Further afield, in the West, the imaginary evening prayers have taken on an almost cubist feel with their angular harmonies, distant bells and melee of what could possibly be birdsong in some distant deserted ruin. Cécile McDowell’s Vespers in Venice (C9) is certainly an interesting piece which could fascinate the more curious, advanced student.
By contrast, Khachaturian’s Toccata(C7) is an old favourite. What aspiring pianist doesn’t like to impress their friends? The outer sections lie very comfortably under the hands, and the bold and relentless forging of momentum creates plenty of excitement, especially if the tempo is controlled and the beast harnessed, rather than wild. The filmic interlude in the middle calls for oodles of smoochy passion. Certainly a piece to woo your supporters!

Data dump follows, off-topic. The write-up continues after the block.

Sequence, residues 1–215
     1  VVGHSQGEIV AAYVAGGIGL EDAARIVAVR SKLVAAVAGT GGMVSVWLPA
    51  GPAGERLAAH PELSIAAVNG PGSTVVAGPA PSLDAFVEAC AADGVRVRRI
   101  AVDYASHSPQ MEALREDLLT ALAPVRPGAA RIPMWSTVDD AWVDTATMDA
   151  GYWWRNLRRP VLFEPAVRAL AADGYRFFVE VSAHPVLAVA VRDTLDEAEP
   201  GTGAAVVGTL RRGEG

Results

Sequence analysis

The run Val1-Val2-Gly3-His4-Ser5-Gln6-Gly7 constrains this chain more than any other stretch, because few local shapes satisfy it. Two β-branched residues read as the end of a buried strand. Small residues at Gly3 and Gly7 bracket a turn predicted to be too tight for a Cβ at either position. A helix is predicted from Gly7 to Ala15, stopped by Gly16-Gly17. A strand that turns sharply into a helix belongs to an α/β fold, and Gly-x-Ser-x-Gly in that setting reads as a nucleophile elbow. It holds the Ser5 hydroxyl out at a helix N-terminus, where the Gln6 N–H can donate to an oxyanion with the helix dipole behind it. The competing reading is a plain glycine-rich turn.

It grows on you is the kind of comment composers might understandably shun but, like that initial moment when you look at a 20th century canvas in the gallery and are struck by something, but do not yet know how to put it into words, our senses are lit and we are attracted to spend more time with this creation. So it feels with Uwe Korn’s Caballos Españoles (C8).
The sparkling kaleidoscopic colours in Villa-Lobos’ O polichinelo (C10) are within many a pianist’s grasp at this level. As with Khachaturian’s Toccata, the notes lie comfortably under the hands and, provided the technique is free from unnecessary tension, all is set to enjoy a breathtaking and exciting ride of seemingly impressive, high-wire virtuosity. It doesn’t have to go this fast, but needs its excitement and energy. Notice the very free and unhindered way in which Rubinstein plays this piece: